Six Progressive Festival Solos for Trumpet
Six Progressive Festival solos for Trumpet presents solos for the 6th to 9th grade trumpeter.
Yesterdays is a very easy beginner level solo that features a beautiful yet simple melody with an accompaniment that reflects upon times gone by.
March of the Chupacabras is an easy level solo that utilizes easy eighth note rhythms and an octave range. This solo is dedicated to the author's sister who swears she saw the mythical beast in central Virginia.
Western Hills is a medium easy level solo that creates a feeling of being on a trail in the old west. The first and last sections are played with swung eighth notes. It should be easy for the first or second year player to feel this style. The middle section is a rousing theme designed to teach the student to play in cut time.
Full Sail is a medium difficulty level solo that combines easy sixteenth note technique with catchy syncopated rhythms. This solo is meant to invoke an image of a pirate ship at sea.
Tango is an intermediate level solo that is written in the style of a tango. Tango is in ABA form, and it features a beautiful, slow middle section. This work would serve as a great introduction to double tonguing in a solo setting and incorporates some tricky but playable time signature changes. The range just goes up to the G just above the staff, so it is perfect for those who struggle with high notes.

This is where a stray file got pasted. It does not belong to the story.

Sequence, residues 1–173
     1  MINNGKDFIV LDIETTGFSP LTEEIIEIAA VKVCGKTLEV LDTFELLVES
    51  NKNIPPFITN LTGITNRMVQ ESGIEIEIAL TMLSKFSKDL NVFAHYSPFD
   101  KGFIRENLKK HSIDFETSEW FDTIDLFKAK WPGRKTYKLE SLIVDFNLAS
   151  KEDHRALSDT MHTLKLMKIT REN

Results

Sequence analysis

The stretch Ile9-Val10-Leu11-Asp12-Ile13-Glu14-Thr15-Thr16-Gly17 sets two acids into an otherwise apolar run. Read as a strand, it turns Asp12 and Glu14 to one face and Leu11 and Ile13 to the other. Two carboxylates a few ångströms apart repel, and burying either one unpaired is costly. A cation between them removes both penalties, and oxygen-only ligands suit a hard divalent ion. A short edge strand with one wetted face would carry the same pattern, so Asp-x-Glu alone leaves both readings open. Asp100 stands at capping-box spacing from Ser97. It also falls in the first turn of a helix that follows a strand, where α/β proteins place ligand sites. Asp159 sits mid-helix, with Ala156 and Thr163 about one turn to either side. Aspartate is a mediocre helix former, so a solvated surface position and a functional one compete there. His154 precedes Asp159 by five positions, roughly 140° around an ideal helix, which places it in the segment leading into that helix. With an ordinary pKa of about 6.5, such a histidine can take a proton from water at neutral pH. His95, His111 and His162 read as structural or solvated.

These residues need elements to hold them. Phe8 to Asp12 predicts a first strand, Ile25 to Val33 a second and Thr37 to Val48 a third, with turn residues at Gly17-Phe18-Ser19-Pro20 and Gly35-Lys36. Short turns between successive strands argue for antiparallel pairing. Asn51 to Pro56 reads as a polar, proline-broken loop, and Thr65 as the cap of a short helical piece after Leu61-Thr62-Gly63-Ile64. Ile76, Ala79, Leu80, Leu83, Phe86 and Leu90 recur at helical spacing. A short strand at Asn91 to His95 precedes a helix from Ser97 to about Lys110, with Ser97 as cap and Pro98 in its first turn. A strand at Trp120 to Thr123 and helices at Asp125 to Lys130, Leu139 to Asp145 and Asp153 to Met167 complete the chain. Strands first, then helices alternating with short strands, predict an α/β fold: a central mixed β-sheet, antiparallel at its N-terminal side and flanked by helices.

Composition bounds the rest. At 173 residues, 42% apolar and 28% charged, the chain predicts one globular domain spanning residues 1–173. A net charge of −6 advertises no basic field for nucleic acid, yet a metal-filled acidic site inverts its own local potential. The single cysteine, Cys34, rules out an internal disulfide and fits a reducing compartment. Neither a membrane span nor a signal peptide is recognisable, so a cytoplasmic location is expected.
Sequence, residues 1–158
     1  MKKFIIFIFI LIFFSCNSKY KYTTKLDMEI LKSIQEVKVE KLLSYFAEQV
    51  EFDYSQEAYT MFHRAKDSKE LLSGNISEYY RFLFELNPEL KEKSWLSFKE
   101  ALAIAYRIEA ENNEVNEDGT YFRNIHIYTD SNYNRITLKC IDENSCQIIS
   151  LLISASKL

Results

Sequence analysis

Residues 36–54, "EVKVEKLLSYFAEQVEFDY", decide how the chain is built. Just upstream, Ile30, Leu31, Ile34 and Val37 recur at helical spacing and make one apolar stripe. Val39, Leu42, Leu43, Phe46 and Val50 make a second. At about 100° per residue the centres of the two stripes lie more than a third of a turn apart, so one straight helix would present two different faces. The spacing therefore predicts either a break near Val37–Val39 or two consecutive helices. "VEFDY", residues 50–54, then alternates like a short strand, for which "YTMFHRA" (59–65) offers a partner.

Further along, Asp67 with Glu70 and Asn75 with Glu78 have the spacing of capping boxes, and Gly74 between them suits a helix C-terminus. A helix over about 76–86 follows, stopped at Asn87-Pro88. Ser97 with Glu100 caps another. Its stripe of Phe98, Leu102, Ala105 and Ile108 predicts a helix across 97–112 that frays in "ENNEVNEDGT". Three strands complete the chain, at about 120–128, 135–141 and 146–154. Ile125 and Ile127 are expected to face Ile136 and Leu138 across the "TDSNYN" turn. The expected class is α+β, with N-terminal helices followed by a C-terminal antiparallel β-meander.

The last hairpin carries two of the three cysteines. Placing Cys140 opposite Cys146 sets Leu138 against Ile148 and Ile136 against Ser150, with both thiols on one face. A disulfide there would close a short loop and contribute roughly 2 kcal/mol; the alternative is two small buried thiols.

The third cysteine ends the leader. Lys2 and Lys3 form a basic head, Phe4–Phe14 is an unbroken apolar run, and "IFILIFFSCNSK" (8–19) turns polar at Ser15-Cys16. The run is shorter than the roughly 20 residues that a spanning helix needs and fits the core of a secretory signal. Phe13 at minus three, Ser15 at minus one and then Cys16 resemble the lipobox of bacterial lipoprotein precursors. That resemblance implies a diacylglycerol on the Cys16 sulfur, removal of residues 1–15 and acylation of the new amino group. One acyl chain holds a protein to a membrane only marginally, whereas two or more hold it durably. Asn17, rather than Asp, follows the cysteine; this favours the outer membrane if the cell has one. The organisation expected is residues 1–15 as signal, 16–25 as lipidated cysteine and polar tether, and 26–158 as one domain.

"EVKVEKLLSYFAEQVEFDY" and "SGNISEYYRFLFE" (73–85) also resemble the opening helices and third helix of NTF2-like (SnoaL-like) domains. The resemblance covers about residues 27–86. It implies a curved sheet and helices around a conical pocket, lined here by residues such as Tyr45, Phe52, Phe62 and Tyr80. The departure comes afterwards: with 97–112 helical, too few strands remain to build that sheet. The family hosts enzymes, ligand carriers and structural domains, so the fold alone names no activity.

Dog Star is dedicated to John James Haynie, who was my trumpet professor at the University of North Texas.
The title Dog Star comes from three different sources. The melody is an inverted imagining of the song “How Much is that Doggy in the Window” with a newly composed B theme. It was also the name of my late brother Jerry Nelson’s company. Finally it is also a modest shout-out to H.A. VanderCook and his Trumpet Stars solos.
Dog Star is a theme and variations and is a great introduction to this style of solo literature. The theme in C Major is followed by an eighth note version which features varied articulations, intervals and leading tones. The second variation is a beautiful legato melody in the relative minor. Finally, the solo ends in F Major with a spirited variation that is meant to be an approachable introduction to double tonguing performance. This could be single tongued, but the slower tempo would lessen the energy of the finale a bit.